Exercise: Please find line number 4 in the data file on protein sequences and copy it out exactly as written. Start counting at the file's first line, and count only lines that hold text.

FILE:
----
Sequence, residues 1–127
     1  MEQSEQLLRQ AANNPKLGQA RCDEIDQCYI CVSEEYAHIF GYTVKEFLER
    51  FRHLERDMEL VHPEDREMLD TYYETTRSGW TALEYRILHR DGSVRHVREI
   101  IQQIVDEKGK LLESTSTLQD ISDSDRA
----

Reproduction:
   101  IQQIVDEKGK LLESTSTLQD ISDSDRA